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About Heppner gazette-times. (Heppner, Or.) 1925-current | View Entire Issue (June 21, 1934)
HEPPNER GAZETTE TIMES, HEPPNER, OREGON, THURSDAY, JUNE 21, 1934
THE HEPPNER GAZETTE.
Established March 30,1883;
THE HEPPNER TIMES,
Established November 18, 1897;
CONSOLIDATED FEBRUARY 15. 191Z
Published every Thursday morning by
VAWTEB and SPENCEB CBAWTORD
and entered at the Post Office at Hepp
ner. Oregon, as second-class matter.
ADVERTISING KATES GIVES OS
Official Paper for Morrow County
To Meet at Roseburg
Eugene, Ore. Arrangements have
been completed and everything will
be in readiness for the 47th annual
convention of the Oregon State Ed
itorial association at Roseburg, on
June 21 to 24, it was announced
here by Arne G. Rae, field manager
of the association. The convention,
because of the many timely topics
to be discussed, is expected to be
the most outstanding in the his
tory of the organization.
Of great importance to newspap
er publishers and non-metropolitan
printers will be the appearance of
the program of Walter D. Alien,
Brookline, Mass., who is president
of the INational Editorial associa'
Uon, and chairman of Joint Na
tional Code Authority for Graphic
Arts Industries A-2 and A-5. Elmo
Scott Watson, editor of the Pub
Ushers Auxiliary and a nationally
known figure in journalism, will
also be on the program.
Other speakers of note, and top
ics they will talk on, include E. C.
Sammons, member of the state
board of higher education, "Higher
i.ducation and the Oregon People;"
and Edgar Freed, state NRA com
Departmental meetings will be
held for daily and weekly newspa
per publishers, and for commercial
printers. A feature of the session
will be the awarding of the Paul R.
Kelty cup for the best weekly news
paper editorial page.
Entertainment will include a pier
nic at Umpqua Park, Friday eve
ning, golf tournament Saturday, the
annual gridiron dinner on Satur
day, a salmon bake on Sunday, and
fishing and motor tours.
A record attendance, with mem
bers present from every part of the
state, is anticipated.
Irrigating Methods May
Conserve Moisture, Crops
In this year of water shortage in
many irrigation systems east of the
Cascades, and a considerable num
ber of new irrigators west of the
mountains, careful attention to the
frequency and amount of irrigation
may serve to conserve both crops
and water, says M. R, Lewis, U. S.
D. A. irrigation engineer in the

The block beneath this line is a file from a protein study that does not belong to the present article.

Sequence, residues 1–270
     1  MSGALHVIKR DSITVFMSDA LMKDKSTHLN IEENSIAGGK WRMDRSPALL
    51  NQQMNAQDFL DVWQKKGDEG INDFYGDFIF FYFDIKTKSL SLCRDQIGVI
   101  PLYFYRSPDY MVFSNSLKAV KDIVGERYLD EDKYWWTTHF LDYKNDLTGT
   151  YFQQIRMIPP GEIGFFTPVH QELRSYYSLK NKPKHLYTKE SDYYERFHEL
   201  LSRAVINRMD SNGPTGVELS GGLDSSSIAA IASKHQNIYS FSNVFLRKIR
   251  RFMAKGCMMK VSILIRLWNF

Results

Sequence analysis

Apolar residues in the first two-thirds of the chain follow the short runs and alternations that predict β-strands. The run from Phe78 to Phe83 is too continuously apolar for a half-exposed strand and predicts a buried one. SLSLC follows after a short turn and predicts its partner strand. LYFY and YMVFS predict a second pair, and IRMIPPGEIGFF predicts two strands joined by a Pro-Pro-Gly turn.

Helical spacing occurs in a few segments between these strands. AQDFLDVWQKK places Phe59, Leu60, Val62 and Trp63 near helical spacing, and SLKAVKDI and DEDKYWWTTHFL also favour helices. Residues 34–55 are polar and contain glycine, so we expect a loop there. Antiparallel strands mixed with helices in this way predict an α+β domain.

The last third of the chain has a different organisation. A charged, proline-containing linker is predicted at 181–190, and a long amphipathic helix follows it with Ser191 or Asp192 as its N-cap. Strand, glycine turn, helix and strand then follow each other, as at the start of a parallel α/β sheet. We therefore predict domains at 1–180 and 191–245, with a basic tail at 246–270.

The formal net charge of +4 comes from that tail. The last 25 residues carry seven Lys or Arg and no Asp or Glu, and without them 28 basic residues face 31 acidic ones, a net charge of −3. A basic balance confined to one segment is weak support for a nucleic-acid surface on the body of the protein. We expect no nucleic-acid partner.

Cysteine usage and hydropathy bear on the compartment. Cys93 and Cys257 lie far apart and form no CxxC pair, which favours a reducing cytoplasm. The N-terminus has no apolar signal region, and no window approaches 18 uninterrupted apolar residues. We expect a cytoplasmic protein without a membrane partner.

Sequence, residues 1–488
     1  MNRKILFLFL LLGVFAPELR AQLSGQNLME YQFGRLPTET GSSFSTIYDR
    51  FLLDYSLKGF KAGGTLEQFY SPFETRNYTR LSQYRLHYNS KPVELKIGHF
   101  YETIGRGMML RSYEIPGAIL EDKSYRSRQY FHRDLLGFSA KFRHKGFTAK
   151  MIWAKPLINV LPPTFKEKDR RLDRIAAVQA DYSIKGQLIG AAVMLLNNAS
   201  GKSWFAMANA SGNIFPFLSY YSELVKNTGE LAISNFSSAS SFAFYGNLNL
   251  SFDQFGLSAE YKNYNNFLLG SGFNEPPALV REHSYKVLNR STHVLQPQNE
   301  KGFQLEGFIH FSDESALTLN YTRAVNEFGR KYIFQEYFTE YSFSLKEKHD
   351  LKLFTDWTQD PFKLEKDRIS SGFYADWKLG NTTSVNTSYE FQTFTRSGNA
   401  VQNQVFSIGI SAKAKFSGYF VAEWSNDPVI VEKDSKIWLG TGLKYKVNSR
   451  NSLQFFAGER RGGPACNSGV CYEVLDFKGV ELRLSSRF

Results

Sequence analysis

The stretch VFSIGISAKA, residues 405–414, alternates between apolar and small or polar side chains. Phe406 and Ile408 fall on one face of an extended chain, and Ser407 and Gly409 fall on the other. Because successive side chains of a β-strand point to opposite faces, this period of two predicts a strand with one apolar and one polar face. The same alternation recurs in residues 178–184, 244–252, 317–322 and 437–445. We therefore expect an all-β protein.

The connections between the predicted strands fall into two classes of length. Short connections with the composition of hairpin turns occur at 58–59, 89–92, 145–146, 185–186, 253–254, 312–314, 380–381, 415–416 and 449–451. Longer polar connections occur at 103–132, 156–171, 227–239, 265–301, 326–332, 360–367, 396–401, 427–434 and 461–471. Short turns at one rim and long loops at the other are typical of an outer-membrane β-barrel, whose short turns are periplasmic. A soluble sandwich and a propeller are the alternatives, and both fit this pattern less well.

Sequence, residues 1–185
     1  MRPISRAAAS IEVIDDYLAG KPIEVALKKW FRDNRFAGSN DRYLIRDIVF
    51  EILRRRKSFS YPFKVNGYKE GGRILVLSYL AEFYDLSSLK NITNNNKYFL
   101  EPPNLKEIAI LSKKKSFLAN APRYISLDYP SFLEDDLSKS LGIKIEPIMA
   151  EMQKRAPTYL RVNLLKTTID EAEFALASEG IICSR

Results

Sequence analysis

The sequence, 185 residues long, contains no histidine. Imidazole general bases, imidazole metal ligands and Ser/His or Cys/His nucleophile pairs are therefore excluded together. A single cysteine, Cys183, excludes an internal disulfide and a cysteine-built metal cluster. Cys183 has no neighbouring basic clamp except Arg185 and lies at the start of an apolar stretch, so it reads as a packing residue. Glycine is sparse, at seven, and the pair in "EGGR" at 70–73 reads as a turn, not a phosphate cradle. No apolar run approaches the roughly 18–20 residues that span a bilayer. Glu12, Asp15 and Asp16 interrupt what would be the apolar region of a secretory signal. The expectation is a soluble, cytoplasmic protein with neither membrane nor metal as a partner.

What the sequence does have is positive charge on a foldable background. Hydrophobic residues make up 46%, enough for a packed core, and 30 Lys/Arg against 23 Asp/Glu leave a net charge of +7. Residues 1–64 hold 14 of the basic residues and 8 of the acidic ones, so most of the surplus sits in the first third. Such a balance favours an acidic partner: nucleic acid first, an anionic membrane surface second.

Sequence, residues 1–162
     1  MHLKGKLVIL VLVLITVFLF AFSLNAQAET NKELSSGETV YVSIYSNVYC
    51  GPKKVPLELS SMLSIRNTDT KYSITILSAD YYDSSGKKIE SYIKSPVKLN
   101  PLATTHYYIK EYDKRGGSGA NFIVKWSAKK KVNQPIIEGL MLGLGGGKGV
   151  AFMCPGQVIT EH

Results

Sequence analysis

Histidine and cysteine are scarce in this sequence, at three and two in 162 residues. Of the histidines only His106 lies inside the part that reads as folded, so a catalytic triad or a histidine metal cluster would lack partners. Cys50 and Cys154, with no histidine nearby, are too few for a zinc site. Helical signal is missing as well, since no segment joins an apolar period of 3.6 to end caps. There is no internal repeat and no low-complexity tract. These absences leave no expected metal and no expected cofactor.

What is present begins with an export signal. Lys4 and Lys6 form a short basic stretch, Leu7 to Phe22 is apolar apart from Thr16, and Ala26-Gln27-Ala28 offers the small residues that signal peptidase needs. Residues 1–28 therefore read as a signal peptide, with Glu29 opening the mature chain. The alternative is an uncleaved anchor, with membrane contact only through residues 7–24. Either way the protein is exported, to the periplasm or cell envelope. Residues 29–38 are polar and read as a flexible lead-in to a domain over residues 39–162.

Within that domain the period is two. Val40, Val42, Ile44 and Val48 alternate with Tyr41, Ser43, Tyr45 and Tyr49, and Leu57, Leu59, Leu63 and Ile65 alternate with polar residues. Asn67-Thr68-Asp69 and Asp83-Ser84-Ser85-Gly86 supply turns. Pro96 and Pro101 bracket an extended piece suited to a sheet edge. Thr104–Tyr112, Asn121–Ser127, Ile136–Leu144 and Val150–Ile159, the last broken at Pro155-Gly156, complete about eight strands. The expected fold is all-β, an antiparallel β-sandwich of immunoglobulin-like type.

soils department at Oregon State
It is an old rule of irrigation that
if one waits until the crop shows
real need of irrigation it is too late
to do the most good with the water.
Lewis modifies this a bit but says
that even though one does watch
for signs of the need of irrigation
in the crop, it is always bad prac
tice to wait till the crop is suffering.
"Any setback to an irrigated crop
because of water shortage will mean
a reduced yield at the end of the
season," says Mr. Lewis. "It is prob
able that irrigation is delayed too
long moie often than applied too
soon. Most over-irrigation is due
to the use of too much water at a
single irrigation than to too fre
Type of soil, nature of the crop,
size and rate of growth of the crop
and the climatic conditions all af
fect the time and frequency of irri
gation, making it impossible to set
any hard and fast rule for all cases.
Sandy soils often need irrigation
once a week in the peak of the
season. Loam soils in garden crops
may need watering every 10 to 15
days. Alfalfa or orchards on deep
soil, on the other hand, may not
need irrigation oftener than every
three to four weeks even in the hot
test part of the summer, says Lew
is. Actual soil moisture records are
the surest way of telling when to
irrigate but in the absence of these
the best way is to watch the crops,
he says. The occasional weeds in
an orchard are good indicators.
When they flourish there Is ample
moisture, but when they start to
wilt the trees will need water.
Field crops such as alfalfa will
first turn bluish or a darker green
when needing water, and before
they wither. Sugar beets and corn
frequently wither in the daytime
even when fairly well supplied with
moisture, but if the curling con
tinues at night they are really
Oregon Cities League
Gets $7500 for Work
Eugene, Ore. A grant of $5,000
for this year and $2500 for next
year, to be used to carry on the
present state-wide program of ser
vice and research, has been receiv
ed from the Spellman foundation
by the League of Oregon Cities, it
was announced here by Herman
Kehrll, executive secretary of the
league and director of the Univer
sity of Oregon bureau of municipal
research and service. News of the
grant was received In a letter to
O. R. Bean, city commissioner of
Portland and president of the lea
The work of the league in this
state, which has attracted national
attention during the past year, was
outlined before Sptllman founda
tion officials recently in Berkeley,
California, by an Oregon commit
tee consisting of Cris Schuebel, city
attorney and J. L. Franzen, city
manager, of Oregon City; Mr. Bean,
Mr. Kehrli, and W. M. Briggs, field
consultant for the league.
Previous to this grant the league
has already received notice that a
grant of $2500 had been made by
the American Municipal associa
tion. These grants, together with
financial support accorded by mem
bers, will make possible a varied
program of activities for the future.
A meeting of the league was held
recently in Eugene and marked suc
cess has been accorded several re
gional sessions held in various parts
of the state.
The league, in addition to compil
ing data and studying problems for
cities and towns at large, maintains
a bureau to which individual cities
may submit problems.
To Increase Capital of
Federal Bank, Spokane
The capital structure of the Fed
eral Intermediate Credit bank of
Spokane is to be increased by $5,
803,000, W. E. Mayer, president,
announced yesterday. Two million
dollars will represent additional
capital stock and $5,803,000 paid-in
surplus. This brings the capitul
structure of the Spokane Intermed
iate Credit bank which serves the
four Pacific northwest states to ap
The funds will be invested in gov
esnment securities and consequent
ly increase the bank's earning pow
er. The appropriation will tend to
maintain the highly favorable mar
ket for intermediate credit bank
debentures. This favorable market
made possible the existing low in
terest rate of 2 per cent charged by
the bank as of May 16, the lowest
rate in its history. The bank's
reduction brought about the low